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Proposal to amend animal cruelty Act: strict measures suggested

The Union Ministry of Fisheries, Animal Husbandry and Dairying set the ball rolling for the amendment of the legislation with Joint Commissioner (AH) Dr S K Dutta inviting suggestions from stakeholders at a webinar.

Written by Gitanjali Das | Noida |
Updated: April 20, 2021 1:33:54 pm
After 36 hours, rescued injured female dog abandoned again in Panchkula(Express Photo)

Around sixty years after its enactment, India’s antiquated animal cruelty law may finally get some teeth.

The Centre’s Animal Husbandry department has suggested adding to the 1960 legislation a stringent new section that addresses the killing of animals and “gruesome cruelty” towards them. This section calls for imprisonment of up to five years and steep penalties that may go up to Rs 75,000.

The department has also proposed amending the Prevention of Cruelty to Animals Act to hike the penalty for first-time offenders from the paltry “minimum of Rs 10 to maximum of Rs 50” to “not less than Rs 750 extended up to Rs 3,750 per animal”.

The Union Ministry of Fisheries, Animal Husbandry and Dairying set the ball rolling for the amendment of the legislation with Joint Commissioner (AH) Dr S K Dutta inviting suggestions from stakeholders at a webinar. The webinar, held Thursday, was attended by more than 350 people including political leaders, chief veterinary officers, animal welfare activists and rescue organisations.

In its presentation, the department said the new penalty for first-time offences had been calculated as per the inflation rate. There were mixed reactions to this, however, with some seeking a higher penalty between Rs 1,000 and Rs 5,000 as a deterrent.

Its proposed new section, meanwhile, has the following provisions—

11 (A): Gruesome cruelty or life-threatening cruelty against animals, for which the penalty is Rs 50,000 per animal or the cost of the animal as determined by a jurisdictional veterinarian. This carries imprisonment of one year which may extend to three years or both.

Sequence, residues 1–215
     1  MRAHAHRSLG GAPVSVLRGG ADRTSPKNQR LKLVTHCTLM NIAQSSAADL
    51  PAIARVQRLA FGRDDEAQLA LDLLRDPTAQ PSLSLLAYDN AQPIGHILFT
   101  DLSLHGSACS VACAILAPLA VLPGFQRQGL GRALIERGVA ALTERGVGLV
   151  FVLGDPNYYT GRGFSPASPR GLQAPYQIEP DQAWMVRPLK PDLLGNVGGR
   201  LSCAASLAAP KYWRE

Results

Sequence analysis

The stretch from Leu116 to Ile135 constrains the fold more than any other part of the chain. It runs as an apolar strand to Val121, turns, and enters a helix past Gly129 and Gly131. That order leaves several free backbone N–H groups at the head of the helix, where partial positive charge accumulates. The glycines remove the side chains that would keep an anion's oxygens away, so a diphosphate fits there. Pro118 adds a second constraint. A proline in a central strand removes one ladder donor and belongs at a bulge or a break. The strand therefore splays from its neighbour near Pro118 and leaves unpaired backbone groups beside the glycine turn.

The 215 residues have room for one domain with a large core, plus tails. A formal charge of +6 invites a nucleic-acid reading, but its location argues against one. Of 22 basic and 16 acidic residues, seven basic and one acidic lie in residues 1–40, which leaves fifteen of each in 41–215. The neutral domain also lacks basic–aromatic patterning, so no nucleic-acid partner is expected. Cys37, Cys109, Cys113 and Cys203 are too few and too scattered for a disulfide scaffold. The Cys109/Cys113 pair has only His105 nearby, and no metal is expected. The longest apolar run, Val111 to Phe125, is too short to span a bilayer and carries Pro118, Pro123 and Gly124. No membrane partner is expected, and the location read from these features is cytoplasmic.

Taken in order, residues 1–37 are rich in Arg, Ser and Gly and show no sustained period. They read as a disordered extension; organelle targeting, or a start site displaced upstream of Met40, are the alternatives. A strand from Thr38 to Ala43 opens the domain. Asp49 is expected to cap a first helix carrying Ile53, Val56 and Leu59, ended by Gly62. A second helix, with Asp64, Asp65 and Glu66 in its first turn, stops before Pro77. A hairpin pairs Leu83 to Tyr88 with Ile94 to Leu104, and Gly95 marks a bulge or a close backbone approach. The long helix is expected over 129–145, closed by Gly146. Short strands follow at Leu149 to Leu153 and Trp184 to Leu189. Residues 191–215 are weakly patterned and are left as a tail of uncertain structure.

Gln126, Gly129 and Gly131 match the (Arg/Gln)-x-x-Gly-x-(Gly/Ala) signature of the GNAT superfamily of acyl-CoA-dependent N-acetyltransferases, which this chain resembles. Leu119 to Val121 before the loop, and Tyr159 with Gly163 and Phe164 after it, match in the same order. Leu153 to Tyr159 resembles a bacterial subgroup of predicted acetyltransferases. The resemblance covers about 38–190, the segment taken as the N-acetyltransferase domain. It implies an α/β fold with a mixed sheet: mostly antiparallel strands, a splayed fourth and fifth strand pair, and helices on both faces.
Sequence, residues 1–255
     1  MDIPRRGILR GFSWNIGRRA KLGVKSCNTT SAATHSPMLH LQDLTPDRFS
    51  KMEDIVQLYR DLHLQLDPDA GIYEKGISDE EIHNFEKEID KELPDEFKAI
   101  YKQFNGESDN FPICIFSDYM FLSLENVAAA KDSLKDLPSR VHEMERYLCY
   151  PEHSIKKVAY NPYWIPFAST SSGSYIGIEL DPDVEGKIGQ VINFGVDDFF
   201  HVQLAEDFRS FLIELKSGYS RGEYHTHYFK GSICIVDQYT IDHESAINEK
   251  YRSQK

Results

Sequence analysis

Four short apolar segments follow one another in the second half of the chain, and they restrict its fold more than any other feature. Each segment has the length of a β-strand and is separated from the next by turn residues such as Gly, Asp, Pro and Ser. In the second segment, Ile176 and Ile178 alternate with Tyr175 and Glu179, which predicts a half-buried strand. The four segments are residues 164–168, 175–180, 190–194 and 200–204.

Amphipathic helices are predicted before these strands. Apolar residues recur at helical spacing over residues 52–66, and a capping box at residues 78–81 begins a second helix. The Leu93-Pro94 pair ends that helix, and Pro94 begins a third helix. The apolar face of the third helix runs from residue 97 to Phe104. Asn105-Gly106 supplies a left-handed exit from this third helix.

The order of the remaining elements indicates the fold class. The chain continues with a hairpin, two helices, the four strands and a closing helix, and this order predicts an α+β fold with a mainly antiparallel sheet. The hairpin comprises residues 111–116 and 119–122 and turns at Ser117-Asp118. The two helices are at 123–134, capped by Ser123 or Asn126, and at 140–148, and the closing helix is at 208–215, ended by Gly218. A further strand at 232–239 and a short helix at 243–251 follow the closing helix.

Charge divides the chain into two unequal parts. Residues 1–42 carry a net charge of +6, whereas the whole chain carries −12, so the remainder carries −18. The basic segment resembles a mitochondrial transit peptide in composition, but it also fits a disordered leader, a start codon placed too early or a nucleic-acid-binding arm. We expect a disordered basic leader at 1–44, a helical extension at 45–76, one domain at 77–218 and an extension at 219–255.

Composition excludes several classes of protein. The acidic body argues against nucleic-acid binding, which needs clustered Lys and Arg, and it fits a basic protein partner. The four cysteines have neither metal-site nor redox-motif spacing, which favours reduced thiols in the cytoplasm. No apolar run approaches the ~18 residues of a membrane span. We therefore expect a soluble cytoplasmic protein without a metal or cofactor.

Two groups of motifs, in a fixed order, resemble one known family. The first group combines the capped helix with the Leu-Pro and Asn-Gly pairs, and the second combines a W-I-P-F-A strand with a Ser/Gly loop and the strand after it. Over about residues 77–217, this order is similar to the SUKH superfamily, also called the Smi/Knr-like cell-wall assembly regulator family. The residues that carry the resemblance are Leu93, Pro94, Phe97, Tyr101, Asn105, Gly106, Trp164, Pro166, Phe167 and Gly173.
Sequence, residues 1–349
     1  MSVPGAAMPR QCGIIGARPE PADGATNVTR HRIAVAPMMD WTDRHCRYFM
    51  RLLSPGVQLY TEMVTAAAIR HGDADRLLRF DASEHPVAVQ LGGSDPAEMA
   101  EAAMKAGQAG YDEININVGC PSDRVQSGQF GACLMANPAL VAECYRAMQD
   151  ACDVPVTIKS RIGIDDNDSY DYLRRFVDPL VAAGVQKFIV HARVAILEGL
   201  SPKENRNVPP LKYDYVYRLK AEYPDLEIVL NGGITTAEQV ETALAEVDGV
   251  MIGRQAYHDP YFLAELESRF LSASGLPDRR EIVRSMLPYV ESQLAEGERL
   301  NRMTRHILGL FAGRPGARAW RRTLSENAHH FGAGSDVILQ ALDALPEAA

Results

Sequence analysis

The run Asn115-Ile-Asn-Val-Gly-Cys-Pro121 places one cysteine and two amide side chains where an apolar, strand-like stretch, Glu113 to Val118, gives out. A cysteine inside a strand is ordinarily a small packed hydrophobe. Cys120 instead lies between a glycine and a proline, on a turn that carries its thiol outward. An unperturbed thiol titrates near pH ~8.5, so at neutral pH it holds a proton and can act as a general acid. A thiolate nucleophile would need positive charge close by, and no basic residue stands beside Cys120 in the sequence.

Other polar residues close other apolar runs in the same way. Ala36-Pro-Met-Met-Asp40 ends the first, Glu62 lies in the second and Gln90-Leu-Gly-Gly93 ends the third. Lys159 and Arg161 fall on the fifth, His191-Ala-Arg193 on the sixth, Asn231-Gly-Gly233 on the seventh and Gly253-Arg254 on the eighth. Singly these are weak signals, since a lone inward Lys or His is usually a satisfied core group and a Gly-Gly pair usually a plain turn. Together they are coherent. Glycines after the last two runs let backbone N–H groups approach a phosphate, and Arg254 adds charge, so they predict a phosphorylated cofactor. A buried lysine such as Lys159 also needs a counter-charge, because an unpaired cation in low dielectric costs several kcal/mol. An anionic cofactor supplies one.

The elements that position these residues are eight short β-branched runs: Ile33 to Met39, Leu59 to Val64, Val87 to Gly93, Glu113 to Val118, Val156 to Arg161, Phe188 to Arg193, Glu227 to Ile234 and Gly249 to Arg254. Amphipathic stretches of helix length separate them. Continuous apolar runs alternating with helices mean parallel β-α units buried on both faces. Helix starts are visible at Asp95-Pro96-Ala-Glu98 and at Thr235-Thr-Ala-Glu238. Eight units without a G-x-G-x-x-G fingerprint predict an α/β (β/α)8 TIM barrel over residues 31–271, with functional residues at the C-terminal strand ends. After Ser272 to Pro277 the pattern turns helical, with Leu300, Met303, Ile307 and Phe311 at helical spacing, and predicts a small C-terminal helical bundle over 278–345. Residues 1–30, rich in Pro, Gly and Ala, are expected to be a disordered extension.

11 (B): Killing of an animal for which the penalty is Rs 75,000 per animal or three times the cost of the animal as determined by the jurisdictional veterinarian, whichever is more, with imprisonment of three years which may extend to five years or both.

11 (C): Exceptions (exemption to section 11 (B) killing of an animal): i) accident ii) in defence of self or property (iii) by an act of god or war (iv) any other unforeseen circumstance outside the control of any person in general.

Many stakeholders said proposed Section 11 (C) was ambiguous and could be used to create loopholes that an accused might slip through in a cruelty case.

Under Section 12—which deals with the practice of doom dev (the process of blowing air into a cow’s vagina to induce production of more milk) or the injection of any substance to improve lactation—the draft proposes Rs 75,000 as the penalty with imprisonment of three years which may be extended to five. The current penalty is Rs 1,000, two years in prison or both.

It also seeks to increase the limitation of prosecution under the PCA Act from three months to two years, as well as a new chapter for the formation of state animal welfare boards.

The stakeholders have been asked to email their suggestions latest by April 25 to awd-section@dahd.nic.in.

Those who attended the session included Chairman of Federation of Indian Animal Protection Organisations (FIAPO) Dr Chinny Krishna, MP from Kendrapara, Odisha, Anubhav Mohanty, MLA from Jayanagar, Bangalore, Sowmya Reddy, animal rights advocate Gauri Maulekhi, animal welfare advocate Alokparna Sengupta and many others.

‘MAKE SECTIONS COGNIZABLE’

Among the most common suggestions from the stakeholders was to make the sections for animal cruelty cognizable, as well as higher penalty and quantum of sentence. Some also demanded provisions to ensure police action according to law, stating that in many cases, police refuse to register FIRs. Many also brought up the issue of speciesism, stating that all animals must have the same rights, including cows and chickens. The need for a ‘dog bite protocol’ was also brought up, as well as protection for animal feeders. Some stakeholders also emphasised the importance of incorporating feedback from farmers, who use animals in traditional practices.

Dr Dutta said that the feedback received would be mulled over by the department, adding that this is not the final proposal, but one that will be passed on by the department to the government, and the final decision will be taken by Parliament.

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